Amid persistent insecurity in North Kivu, South Kivu, and Ituri provinces, the mineral-rich DRC appears to be on the same path as Zimbabwe, and I’m afraid SADC leaders seem willing to idly watch the rapid deterioration of the country’s fragile democracy.

Instead of deflecting attention to sloppy practices in Western countries, Ramaphosa and his colleagues must insist that every SADC country adheres to the SADC Principles and Guidelines Governing Democratic Elections.

And whenever infringements arise, SADC must impose punitive measures.

With five years to prepare for elections, SADC member states have no plausible excuse to hold substandard polls and effectively endanger the sociopolitical stability of their countries.

To be clear, whom the Congolese or Zimbabweans choose to elect as their president is not a matter of contention, but the electoral processes in the DRC and Zimbabwe must always be open, fair and transparent.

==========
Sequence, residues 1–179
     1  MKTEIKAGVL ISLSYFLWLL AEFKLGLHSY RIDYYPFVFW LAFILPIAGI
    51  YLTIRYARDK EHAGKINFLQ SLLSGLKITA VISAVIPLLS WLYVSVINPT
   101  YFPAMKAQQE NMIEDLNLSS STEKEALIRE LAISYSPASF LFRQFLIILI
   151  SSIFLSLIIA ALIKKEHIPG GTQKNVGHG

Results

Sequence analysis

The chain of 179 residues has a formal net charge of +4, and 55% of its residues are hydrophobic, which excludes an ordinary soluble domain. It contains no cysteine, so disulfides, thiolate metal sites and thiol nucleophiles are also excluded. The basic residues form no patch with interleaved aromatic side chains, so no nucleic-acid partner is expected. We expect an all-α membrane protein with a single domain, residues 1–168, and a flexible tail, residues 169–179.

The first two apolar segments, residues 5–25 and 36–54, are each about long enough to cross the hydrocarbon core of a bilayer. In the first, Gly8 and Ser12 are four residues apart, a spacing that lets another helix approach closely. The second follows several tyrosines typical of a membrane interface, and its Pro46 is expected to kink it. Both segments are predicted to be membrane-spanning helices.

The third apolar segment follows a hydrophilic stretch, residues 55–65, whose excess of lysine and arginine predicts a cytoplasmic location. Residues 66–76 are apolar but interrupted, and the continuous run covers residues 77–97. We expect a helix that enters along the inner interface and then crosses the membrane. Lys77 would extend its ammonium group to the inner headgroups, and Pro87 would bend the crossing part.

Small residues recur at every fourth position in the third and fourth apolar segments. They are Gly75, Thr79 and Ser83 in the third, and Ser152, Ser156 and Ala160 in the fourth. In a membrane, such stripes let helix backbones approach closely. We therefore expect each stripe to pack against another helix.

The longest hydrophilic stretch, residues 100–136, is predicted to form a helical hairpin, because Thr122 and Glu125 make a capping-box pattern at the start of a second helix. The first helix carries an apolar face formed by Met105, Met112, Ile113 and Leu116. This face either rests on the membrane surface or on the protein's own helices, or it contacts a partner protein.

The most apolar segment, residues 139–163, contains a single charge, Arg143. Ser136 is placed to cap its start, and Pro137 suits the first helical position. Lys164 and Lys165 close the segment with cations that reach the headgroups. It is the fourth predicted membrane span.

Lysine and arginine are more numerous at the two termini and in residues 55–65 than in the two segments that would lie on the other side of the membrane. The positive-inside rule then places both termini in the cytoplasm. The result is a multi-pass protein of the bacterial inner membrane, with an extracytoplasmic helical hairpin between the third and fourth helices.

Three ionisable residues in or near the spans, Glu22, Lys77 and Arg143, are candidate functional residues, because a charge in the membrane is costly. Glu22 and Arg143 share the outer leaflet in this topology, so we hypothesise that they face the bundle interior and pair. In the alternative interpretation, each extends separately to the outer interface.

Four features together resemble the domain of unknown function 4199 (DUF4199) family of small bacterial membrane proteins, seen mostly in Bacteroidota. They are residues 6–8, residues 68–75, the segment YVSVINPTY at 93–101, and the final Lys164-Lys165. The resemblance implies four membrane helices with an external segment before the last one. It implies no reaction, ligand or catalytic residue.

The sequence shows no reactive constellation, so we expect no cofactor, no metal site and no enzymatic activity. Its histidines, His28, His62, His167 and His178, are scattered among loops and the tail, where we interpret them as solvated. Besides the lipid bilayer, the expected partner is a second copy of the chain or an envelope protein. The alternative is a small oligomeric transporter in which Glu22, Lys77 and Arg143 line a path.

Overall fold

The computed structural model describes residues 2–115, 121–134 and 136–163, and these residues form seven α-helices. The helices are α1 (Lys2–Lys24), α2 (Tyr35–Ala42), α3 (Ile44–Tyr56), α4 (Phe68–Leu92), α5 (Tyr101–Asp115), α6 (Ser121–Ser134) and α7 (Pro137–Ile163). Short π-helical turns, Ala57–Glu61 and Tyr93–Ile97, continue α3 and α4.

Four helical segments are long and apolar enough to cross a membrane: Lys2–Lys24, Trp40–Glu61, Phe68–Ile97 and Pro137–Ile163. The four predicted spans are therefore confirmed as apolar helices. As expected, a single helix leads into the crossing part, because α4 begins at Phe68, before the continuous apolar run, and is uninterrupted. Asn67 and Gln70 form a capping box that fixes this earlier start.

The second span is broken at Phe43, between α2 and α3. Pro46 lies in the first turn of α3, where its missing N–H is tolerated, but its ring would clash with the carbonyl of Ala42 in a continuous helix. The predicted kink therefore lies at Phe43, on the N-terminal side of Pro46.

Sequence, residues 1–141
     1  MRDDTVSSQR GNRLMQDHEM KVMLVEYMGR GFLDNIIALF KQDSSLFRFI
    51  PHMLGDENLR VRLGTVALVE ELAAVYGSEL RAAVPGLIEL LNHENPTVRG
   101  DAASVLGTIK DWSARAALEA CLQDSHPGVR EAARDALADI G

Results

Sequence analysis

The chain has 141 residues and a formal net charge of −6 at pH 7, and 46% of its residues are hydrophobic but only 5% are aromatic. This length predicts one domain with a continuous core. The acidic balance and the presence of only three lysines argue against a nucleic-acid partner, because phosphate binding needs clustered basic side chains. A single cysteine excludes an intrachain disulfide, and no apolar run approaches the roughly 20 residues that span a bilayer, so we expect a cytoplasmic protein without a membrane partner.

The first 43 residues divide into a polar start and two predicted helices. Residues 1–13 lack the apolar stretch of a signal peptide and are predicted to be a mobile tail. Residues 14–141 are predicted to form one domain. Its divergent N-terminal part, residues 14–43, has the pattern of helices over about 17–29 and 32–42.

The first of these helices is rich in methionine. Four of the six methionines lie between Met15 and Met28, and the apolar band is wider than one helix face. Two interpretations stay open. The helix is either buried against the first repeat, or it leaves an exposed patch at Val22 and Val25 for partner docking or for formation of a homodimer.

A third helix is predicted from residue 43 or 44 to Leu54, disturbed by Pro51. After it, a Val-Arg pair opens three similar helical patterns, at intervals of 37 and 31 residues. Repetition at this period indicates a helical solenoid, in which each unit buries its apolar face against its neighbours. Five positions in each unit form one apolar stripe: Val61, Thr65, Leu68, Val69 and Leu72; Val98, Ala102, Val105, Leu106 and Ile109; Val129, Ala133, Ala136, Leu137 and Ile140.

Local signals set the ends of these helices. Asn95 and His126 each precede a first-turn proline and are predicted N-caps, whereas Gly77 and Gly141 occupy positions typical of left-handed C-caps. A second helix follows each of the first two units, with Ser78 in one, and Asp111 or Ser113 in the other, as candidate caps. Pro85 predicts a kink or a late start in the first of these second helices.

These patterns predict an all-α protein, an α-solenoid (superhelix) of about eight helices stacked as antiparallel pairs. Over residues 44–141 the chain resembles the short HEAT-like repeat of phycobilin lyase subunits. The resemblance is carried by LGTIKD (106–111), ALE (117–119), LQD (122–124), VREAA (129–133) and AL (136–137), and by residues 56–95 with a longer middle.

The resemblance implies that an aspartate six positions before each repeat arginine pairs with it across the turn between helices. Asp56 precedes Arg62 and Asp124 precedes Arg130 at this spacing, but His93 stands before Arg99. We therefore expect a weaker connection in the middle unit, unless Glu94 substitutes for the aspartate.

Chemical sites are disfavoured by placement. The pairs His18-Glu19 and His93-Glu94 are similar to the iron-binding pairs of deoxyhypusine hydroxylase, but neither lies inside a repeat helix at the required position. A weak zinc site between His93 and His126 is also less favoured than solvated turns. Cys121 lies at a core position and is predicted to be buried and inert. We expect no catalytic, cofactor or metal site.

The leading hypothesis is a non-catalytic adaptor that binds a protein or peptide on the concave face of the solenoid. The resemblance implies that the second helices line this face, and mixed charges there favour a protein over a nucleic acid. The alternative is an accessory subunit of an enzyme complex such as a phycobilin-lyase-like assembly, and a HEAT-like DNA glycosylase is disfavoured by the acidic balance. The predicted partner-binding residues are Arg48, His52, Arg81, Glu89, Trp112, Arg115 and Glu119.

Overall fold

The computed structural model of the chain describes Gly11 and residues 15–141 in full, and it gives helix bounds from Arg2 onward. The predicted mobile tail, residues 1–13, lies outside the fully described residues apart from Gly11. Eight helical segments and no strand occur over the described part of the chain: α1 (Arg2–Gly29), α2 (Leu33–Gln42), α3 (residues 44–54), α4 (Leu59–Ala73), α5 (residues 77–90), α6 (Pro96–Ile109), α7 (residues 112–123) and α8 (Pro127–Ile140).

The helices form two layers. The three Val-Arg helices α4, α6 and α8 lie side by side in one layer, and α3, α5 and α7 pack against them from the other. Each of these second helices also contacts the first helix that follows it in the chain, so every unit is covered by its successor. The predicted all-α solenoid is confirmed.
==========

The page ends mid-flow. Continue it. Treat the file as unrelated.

They must enhance democracy and not foster outright suspicion, division or violence.

In August 2005, SADC officially established the SADC Electoral Advisory Council, with a mandate to transform election observation, the conduct of democratic elections and the prevention of electoral-related conflicts in the SADC Region.

Thus far, it has definitely underachieved.

SADC leaders have clearly diminished the council’s envisioned effectiveness over the last 18 years, just as they have shamelessly endeavoured to change, undermine and disregard Mumba’s preliminary report on Zimbabwe’s sham election.

Mozambique’s October 2023 municipal polls, Angola’s August 2022 general elections, Tanzania’s 2020 presidential election, and Malawi’s 2020 presidential election were also plagued by serious electoral contraventions, including accusations of fraud, ballot tampering, violence and repression.

This, unquestionably, is indicative of a wider malaise in Southern Africa: democratic backsliding.

Going forward, SADC leaders must actively monitor the workings of electoral bodies and implement effective interventions without fail.

The Congolese people and Zimbabweans deserve better.

Southern Africa deserves better.

The views expressed in this article are the author’s own and do not necessarily reflect Al Jazeera’s editorial stance.